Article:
W3C home > Mailing lists > Public > public-css-testsuite@w3.org > March 2004

Re: a few CSS 2.1 tests

From: Tantek Çelik <tantek@cs.stanford.edu>
Date: Sat, 13 Mar 2004 10:57:11 -0800
To: Ian Hickson <ian@hixie.ch>, "L. David Baron" <dbaron@dbaron.org>
Cc: <public-css-testsuite@w3.org>
Message-ID: <BC78997A.380CE%tantek@cs.stanford.edu>

I concur with Ian's comments have only two other quick short comments to

1. serve the files as text/html for ease of trying them out in more browsers
 (alternatively, conditionally serve as application/xhtml+xml only if http
accept headers allow for it -- folks have documented this on the net.)
I know, this violates what is allowed for XHTML 1.1, but it helps usability
(a good tradeoff), and will only make a difference in browsers that don't
handle XHTML anyway.

Another possibility is to use content negotiation so that URLs without a
file extension, e.g.:


are sent as text/html to browsers that don't handle XHTML.

2. possibly add more <link rel="help"> tags for some of the tests.
e.g. your border shorthand test should also link to the sections on the
'border' and 'border-color' property in spec, because that's really what
it's testing, in fact, I might put the link to the border-color property
first since that's really what is being thoroughly tested.

I'm busy with prepping for my presentations at SXSW so I didn't do a
detailed review and will hopefully have more comments later.

Definitely a very nice start though.  Makes me want to write some tests.



On 3/13/04 3:21 AM, "Ian Hickson" <ian@hixie.ch> wrote:

> On Fri, 12 Mar 2004, L. David Baron wrote:
>> I just wrote a few tests [1] for 2.1 [2], and I'm interested in knowing
>> how I'm doing, especially with regard to the guidelines [3], and
>> especially from the authors of said guidelines.
> I think those are the best tests I've ever seen.
> My only comments -- and don't get me wrong; these are nit-picking
> comments, the equivalent of someone saying you should fix the spelling in
> a comment during a code review -- would be:
> http://dbaron.org/css2.1/tests/t010403-shand-font-00-b.xht
> http://dbaron.org/css2.1/tests/t010403-shand-font-01-b.xht
>  Instead of "NOT be in a bold font" I would just say "be in a thin
>  font" or "be in a regular font weight", as negatives tend to make
>  understanding the test harder.
> http://dbaron.org/css2.1/tests/t040102-keywords-01-b.xht
>  Instead of "This should be 10em wide.", I would just say "Test". This
>  is for two reasons: first, it is nigh on impossible to know how much
>  10em is anyway, and second, you want to have as few pass conditions per
>  test as possible, so that the reader can quickly establish the result.
> http://dbaron.org/css2.1/tests/t040102-keywords-00-b.xht
> http://dbaron.org/css2.1/tests/t040103-case-00-b.xht
> http://dbaron.org/css2.1/tests/t040103-case-01-c.xht
> http://dbaron.org/css2.1/tests/t040103-escapes-01-b.xht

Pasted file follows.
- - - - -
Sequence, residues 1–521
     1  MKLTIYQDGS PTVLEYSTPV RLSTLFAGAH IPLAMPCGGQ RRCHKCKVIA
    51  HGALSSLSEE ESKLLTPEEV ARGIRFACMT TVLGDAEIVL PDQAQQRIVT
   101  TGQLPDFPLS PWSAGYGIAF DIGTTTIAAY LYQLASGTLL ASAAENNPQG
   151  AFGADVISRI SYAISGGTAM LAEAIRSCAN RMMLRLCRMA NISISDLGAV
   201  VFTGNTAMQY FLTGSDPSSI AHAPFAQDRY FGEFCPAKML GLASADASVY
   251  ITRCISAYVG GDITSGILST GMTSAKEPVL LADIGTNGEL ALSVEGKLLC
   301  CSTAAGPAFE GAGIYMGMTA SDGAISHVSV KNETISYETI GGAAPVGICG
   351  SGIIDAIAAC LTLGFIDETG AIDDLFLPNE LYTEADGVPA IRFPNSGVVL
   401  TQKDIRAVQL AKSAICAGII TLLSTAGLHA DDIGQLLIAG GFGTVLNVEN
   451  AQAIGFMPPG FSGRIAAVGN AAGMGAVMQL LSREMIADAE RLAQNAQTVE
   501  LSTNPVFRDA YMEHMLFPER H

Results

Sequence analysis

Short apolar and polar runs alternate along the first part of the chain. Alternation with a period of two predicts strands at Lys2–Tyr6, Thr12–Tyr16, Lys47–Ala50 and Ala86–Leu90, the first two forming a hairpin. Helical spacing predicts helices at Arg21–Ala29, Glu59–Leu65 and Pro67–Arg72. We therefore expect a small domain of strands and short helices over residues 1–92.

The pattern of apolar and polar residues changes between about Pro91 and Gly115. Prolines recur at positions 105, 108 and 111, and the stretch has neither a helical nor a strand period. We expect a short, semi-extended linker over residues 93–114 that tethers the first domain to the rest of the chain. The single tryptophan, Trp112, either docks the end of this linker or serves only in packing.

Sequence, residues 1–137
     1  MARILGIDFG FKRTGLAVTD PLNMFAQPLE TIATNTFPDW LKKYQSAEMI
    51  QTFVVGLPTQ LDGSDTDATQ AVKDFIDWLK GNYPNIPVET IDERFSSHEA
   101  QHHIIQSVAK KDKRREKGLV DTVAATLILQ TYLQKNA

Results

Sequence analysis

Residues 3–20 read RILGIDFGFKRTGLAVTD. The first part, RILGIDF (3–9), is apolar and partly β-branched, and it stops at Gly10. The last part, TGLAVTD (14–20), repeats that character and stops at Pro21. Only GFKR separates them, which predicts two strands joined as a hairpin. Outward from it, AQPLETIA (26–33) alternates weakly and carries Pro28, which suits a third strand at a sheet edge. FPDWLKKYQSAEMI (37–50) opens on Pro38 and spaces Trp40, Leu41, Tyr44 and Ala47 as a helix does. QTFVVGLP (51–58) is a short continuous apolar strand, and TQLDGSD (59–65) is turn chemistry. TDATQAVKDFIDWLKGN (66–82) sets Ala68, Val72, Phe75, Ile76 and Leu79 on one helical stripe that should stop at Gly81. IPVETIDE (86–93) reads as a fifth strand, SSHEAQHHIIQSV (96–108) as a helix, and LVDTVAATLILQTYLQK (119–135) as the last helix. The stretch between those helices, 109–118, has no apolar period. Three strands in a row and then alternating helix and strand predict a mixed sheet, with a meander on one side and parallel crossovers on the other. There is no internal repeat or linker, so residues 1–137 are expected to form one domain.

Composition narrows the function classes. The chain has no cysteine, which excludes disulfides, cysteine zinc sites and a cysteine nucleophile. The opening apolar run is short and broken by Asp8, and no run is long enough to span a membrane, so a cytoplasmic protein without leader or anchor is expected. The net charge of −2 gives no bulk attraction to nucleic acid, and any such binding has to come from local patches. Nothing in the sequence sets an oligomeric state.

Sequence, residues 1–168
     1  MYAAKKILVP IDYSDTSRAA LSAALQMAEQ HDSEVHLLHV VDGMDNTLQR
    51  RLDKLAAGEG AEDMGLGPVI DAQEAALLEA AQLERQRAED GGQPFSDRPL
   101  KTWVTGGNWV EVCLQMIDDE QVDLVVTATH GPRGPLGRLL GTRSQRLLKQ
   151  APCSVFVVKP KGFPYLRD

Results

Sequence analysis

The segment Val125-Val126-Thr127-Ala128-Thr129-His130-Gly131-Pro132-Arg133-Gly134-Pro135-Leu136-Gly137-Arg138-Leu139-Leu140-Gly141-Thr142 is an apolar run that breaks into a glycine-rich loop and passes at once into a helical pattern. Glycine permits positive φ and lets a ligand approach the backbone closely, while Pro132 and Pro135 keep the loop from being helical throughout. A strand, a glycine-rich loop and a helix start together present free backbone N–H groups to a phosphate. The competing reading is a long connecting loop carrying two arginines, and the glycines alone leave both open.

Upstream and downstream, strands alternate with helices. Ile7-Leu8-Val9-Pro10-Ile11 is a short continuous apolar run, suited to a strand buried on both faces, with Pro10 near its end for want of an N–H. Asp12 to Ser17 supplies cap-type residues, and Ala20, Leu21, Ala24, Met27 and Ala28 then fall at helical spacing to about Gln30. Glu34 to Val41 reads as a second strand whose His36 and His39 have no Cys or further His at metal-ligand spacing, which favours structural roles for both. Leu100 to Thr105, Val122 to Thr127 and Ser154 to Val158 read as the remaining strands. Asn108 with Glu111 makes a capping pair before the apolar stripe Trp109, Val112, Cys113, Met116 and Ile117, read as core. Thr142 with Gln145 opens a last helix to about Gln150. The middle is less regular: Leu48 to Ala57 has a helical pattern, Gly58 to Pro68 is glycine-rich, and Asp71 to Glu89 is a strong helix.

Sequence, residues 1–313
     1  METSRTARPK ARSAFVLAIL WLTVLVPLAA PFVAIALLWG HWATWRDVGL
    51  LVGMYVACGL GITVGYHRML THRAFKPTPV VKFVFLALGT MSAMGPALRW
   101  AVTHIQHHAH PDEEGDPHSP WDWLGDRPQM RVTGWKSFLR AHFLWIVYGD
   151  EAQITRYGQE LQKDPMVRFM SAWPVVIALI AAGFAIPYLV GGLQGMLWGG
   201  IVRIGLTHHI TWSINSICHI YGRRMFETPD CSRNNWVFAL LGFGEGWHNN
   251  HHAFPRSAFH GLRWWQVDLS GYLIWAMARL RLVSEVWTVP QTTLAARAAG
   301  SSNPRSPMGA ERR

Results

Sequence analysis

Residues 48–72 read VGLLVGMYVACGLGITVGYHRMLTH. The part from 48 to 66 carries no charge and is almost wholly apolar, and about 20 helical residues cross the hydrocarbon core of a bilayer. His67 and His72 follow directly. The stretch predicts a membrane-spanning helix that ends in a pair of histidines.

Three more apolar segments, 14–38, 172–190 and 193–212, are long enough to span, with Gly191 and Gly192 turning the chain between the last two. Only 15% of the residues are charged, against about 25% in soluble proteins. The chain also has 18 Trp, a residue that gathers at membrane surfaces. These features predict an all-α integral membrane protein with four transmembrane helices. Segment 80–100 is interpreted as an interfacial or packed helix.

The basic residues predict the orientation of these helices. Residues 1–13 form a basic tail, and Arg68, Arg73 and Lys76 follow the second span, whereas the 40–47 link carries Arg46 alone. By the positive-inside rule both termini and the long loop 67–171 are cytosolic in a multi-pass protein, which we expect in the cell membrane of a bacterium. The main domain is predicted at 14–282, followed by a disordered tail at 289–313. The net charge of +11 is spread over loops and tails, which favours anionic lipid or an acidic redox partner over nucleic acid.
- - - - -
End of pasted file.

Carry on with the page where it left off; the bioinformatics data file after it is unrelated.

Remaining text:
> http://dbaron.org/css2.1/tests/t040103-escapes-02-d.xht
>  I haven't yet put this in the public version of the guidelines, but
>  there are some assumptions you can make about the test environment:
> http://cgi.w3.org/member-bin/process.cgi?method=url&url=http%3A%2F%2Fwww.hixie
> .ch%2Ftests%2Fevil%2Fcss%2Fcss21%2Fguidelines%2Fguidelines.src&output=html#req
> uirements
>  In particular, you can assume the default text color is black, so there
>  is no need to explicitly set it in the tests.
> http://dbaron.org/css2.1/tests/t040103-escapes-00-b.xht
>  You should make a third test line which makes no use of generated
>  content at all, and preferably change the sentence to a dummy one
>  such as "This is a test paragraph".
>> A few issues where I'm particularly unsure of myself are:
>>  * are my title elements good?
> They seem fine to me. To be honest the titles aren't that important.
>>  * are my filenames good, especially regarding my choice along the
>>    a-b-c-d-e-f spectrum (for which the tests I wrote are perhaps an
>>    unusual case)?
>  http://dbaron.org/css2.1/tests/t040103-escapes-05-c.xht
> ...should probably be a "b" not a "c", but they seem fine to me in
> general. It's a judgement call, and the judgement is almost always going
> to be based on how many browsers actually fail the test -- my "Evil" tests
> from back in 99 when I was making the Evil Test Suite were simply the
> tests that everyone failed, as opposed to the Wet Blanket Tests, which
> were the tests that only a few people failed and thus "reduced the
> enjoyment of others", as it were.
>>  * is my lack of consistent wording a problem?  I've written multiple
>>    variations of the sentences "This paragraph should have a green
>>    background." and "The next two paragraphs should look identical."
> That all looked fine to me.
Received on Sunday, 14 March 2004 17:26:23 UTC

This archive was generated by hypermail 2.3.1 : Tuesday, 6 January 2015 21:13:14 UTC